Series Convergence for a variable

Fix a positive number $\alpha$ and consider the series $$\sum_{k=1}^\infty \frac1{(k+1)[\ln(k+1)]^\alpha}$$

For what values of $\alpha$ does this series converge?

I can plug in a bunch of values, but how would you show this mathematically?

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Do you know the Integral Test? – André Nicolas Dec 2 '11 at 7:28

Consider the function $\displaystyle\frac{1}{(x+1)[ln(x+1)]^\alpha}$ for $\alpha>0$. Then $\displaystyle\frac{1}{(k+1)[ln(k+1)]^\alpha}$ is positive, decreasing, continuous on $[2,\infty)$. Therefore, by integral test, we have $$\displaystyle\sum_{k=1}^\infty \displaystyle\frac{1}{(k+1)[ln(k+1)]^\alpha}$$ converges if and only if $$\int_1^\infty\frac{1}{(x+1)[ln(x+1)]^\alpha}dx$$ converges. On the other hand, if $\alpha>1$, then $$\int_1^\infty\frac{1}{(x+1)[ln(x+1)]^\alpha}dx=\frac{1}{1-\alpha}\ln(x+1)^{1-\alpha}\Big|^\infty_1<\infty,$$ and it diverges if $0<\alpha\leq 1$. Therefore, the series converges when $\alpha>1$ and diverges when $0<\alpha\leq 1$.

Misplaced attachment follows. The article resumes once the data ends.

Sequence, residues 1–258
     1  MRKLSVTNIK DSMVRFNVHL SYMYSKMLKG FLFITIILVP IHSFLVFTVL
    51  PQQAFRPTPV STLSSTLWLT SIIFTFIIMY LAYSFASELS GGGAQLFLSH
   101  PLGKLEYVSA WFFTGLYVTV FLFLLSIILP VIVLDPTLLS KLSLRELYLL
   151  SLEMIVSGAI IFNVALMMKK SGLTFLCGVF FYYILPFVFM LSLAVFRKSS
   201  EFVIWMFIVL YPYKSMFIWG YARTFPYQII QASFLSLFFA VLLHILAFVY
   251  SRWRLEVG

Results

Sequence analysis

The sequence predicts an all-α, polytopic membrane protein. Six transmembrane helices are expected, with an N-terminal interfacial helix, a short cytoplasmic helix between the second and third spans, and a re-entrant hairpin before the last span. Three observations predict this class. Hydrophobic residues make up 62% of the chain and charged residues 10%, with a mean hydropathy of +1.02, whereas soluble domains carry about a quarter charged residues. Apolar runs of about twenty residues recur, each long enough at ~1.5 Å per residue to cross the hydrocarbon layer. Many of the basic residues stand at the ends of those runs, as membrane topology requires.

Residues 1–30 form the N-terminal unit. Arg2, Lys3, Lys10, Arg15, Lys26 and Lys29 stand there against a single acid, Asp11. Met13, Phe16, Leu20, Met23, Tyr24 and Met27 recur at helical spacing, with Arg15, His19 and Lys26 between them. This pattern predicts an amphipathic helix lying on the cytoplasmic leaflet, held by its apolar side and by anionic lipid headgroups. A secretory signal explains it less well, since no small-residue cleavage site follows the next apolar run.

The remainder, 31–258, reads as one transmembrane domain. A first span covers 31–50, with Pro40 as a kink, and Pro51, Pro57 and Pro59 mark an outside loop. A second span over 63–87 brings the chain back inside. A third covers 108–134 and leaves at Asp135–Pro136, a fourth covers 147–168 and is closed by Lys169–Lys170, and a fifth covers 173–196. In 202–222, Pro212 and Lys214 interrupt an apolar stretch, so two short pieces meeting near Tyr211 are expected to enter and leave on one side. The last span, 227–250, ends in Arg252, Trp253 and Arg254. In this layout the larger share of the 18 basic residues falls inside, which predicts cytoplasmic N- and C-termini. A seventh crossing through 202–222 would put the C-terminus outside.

Also, for $\alpha\leq 0$, we have $$\displaystyle\frac{1}{(k+1)[ln(k+1)]^\alpha}\geq\frac{1}{k+1}$$ and the harmonic series $\displaystyle\sum_{k=1}^\infty\frac{1}{k+1}$ diverges. By comparison test, $\displaystyle\sum_{k=1}^\infty \displaystyle\frac{1}{(k+1)[ln(k+1)]^\alpha}$ diverges when $\alpha\leq 0$.
$\displaystyle \sum_{n=2}^{\infty} \dfrac{1}{n (\log n)^{\alpha}}$ is convergent iff $\displaystyle \alpha > 1$
This can be checked by using the well known test that if we have a monotone decreasing sequence, then $\displaystyle \sum_{n=2}^{\infty} a_n$ converges iff $\displaystyle \sum_{n=2}^{\infty} 2^na_{2^n}$ converges (or) by the integral test.